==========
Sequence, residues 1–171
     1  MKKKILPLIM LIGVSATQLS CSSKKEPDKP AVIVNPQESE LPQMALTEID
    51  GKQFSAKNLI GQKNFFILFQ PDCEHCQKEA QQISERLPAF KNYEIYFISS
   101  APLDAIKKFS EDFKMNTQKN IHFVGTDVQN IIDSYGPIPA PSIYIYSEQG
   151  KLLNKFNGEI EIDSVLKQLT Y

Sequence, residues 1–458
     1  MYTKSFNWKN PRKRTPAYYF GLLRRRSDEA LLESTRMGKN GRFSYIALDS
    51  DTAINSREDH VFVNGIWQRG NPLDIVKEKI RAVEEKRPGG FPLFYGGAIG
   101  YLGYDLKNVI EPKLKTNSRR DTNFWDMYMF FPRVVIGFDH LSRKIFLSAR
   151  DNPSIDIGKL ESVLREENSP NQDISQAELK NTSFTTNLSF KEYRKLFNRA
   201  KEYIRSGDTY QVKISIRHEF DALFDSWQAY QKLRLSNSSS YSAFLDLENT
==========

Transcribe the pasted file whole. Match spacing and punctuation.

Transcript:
Sequence, residues 1–171
     1  MKKKILPLIM LIGVSATQLS CSSKKEPDKP AVIVNPQESE LPQMALTEID
    51  GKQFSAKNLI GQKNFFILFQ PDCEHCQKEA QQISERLPAF KNYEIYFISS
   101  APLDAIKKFS EDFKMNTQKN IHFVGTDVQN IIDSYGPIPA PSIYIYSEQG
   151  KLLNKFNGEI EIDSVLKQLT Y

Sequence, residues 1–458
     1  MYTKSFNWKN PRKRTPAYYF GLLRRRSDEA LLESTRMGKN GRFSYIALDS
    51  DTAINSREDH VFVNGIWQRG NPLDIVKEKI RAVEEKRPGG FPLFYGGAIG
   101  YLGYDLKNVI EPKLKTNSRR DTNFWDMYMF FPRVVIGFDH LSRKIFLSAR
   151  DNPSIDIGKL ESVLREENSP NQDISQAELK NTSFTTNLSF KEYRKLFNRA
   201  KEYIRSGDTY QVKISIRHEF DALFDSWQAY QKLRLSNSSS YSAFLDLENT